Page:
City Council committed generous funding to Columbus Metropolitan Library in the 2016 Capital Improvement Budget approved in May. I host many of my weekly Community Hours in libraries across the city and am always amazed by how busy our branches are. I think this is a great sign. Our libraries are providing valuable services to our residents. I look forward to continuing my support for Columbus Metropolitan Library while on council.

Libraries serve as common ground for residents and cornerstone of knowledge and imagination for our neighborhoods. For many of our residents, the library is the only point of access for those without technology or Internet at home. Our libraries will help ensure families have access to books and educational resources. CML’s construction goes beyond building. This construction is symbolic of the value of learning, of collaboration, of dialogue, and of Columbus’s future.

With seven of the ten buildings under construction or opened, Columbus Metropolitan Library is on track with their 2017 construction completion goal. The recently opened Main Library is one of the most spectacular renovations of all. The Main Library truly showcases Columbus’s investment in culture, knowledge and most importantly, people.

Be sure to pick up your books on hold or browse the collection at the Northside Temporary Location this summer in the Kroger parking lot, 1350 North High Street. While you’re there, check out the award-winning design and construction of the Northside Branch.

I look forward to enjoying our new facilities and hope you’ll join me in supporting our local libraries. When you have a problem, question, or concern, or anytime that I can be of service, come meet me, call me at 614-645-8084, or e-mail me at and I will do everything I can to help.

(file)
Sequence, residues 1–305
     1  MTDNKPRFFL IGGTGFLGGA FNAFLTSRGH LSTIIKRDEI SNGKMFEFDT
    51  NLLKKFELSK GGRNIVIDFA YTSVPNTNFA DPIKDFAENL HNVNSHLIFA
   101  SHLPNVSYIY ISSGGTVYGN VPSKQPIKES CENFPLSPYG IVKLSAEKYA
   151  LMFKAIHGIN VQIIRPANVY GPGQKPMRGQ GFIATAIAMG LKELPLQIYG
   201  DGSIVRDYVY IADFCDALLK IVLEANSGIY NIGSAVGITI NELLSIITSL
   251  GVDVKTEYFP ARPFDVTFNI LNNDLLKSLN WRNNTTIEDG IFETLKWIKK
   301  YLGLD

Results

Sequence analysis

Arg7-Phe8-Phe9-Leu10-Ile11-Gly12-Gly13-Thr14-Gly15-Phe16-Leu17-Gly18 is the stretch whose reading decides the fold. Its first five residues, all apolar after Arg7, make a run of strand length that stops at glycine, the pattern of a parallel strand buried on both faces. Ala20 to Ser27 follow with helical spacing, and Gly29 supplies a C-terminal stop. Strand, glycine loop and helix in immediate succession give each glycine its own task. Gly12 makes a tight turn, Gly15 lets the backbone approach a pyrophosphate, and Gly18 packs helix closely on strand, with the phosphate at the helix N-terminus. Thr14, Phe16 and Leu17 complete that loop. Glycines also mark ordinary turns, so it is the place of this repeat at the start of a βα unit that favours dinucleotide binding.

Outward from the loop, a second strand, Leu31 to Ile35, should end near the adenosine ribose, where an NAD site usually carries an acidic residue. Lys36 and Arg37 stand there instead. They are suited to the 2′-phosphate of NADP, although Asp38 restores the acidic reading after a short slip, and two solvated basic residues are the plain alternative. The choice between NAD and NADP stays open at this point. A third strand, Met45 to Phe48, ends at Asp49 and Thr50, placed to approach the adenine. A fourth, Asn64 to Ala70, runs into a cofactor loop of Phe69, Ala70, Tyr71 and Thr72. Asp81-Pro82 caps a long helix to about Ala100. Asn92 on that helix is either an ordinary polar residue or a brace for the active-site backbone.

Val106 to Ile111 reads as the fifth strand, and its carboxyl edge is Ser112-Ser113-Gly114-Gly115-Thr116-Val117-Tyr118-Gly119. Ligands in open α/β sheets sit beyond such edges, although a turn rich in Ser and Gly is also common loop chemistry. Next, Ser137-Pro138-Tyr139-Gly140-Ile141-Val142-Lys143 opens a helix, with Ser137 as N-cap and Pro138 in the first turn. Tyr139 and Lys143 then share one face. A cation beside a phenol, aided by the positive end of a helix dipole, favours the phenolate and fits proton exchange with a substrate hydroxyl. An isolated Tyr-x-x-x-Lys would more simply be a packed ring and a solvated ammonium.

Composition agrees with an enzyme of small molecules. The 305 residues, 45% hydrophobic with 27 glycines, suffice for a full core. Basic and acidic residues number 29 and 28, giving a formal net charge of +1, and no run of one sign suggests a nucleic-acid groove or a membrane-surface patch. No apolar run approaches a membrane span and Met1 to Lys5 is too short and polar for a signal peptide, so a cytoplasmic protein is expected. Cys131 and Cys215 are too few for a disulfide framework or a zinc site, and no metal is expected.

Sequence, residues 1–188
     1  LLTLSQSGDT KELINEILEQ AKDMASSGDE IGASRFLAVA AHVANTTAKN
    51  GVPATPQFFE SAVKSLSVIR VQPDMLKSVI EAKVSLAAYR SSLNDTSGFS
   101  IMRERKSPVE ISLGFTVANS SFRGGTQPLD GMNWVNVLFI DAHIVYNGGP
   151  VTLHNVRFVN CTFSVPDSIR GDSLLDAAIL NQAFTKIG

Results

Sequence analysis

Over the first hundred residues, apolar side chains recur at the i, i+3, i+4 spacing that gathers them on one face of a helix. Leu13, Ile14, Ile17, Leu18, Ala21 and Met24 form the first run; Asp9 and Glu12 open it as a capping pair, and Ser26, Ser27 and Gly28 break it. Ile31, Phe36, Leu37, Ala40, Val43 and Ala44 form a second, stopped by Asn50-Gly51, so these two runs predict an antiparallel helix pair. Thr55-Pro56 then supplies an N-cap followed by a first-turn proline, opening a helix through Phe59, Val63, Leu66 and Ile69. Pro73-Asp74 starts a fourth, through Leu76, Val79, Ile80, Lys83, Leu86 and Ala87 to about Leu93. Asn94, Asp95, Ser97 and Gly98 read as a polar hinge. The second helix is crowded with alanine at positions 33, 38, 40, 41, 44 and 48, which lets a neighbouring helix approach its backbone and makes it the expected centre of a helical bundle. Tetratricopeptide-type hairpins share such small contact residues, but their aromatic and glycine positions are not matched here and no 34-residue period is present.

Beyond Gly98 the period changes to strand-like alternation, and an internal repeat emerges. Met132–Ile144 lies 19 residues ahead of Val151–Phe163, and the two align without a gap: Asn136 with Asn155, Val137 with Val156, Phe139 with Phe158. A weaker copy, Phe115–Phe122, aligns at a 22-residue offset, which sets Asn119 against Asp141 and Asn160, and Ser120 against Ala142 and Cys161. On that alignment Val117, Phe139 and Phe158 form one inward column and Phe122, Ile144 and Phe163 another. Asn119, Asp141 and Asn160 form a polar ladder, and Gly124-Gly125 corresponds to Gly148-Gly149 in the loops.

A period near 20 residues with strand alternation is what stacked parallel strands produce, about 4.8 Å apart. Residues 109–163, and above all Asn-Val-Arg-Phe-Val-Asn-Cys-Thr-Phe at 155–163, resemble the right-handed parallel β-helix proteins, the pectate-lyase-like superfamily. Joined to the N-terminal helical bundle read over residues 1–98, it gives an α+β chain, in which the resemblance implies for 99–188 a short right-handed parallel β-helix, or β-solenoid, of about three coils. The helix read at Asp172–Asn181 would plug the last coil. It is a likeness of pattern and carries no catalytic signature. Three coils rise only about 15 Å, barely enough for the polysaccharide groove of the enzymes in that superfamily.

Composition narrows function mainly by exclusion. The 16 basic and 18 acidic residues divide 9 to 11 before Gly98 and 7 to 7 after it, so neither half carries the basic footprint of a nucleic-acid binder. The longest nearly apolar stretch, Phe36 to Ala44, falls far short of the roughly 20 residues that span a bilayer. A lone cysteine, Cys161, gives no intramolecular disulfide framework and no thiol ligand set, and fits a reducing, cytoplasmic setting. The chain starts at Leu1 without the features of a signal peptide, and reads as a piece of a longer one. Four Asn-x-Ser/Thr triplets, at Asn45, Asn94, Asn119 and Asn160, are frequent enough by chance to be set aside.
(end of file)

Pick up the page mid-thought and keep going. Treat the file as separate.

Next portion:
Area commissions guide City Council on neighborhood decisions

May/June 2016 Issue

Columbus neighborhoods are rooted in the values and work ethics of residents who have lived in their communities for decades. In the 1970s, Columbus City Council recognized that neighborhoods are the heartbeat of our city and established area commissions and historic architectural review commissions to extend the voice of the people to City Hall.

Commissions give authority and advice on city issues and how policy affects neighborhoods. In the Short North, Italian Village, Victorian Village, University Area, commissions act as a liaison between neighborhood groups, property owners, residents, developers and city officials.

Whether you’ve lived in Columbus your whole life or just moved here, whether you pay rent or a mortgage, whether you’re a student, or retiree, your area or review commission serves you.

I invite you to get involved. Through area and review commissions, Columbus residents have the opportunity to shape their surroundings and initiate community dialogue to keep our neighborhoods unified and strong.

When legislation hits a councilmember’s desk with an official recommendation from a commission, we are able to better understand how the community feels about the proposed legislation. Commissions help generate communication, understanding and cooperation between neighbors, city officials and developers.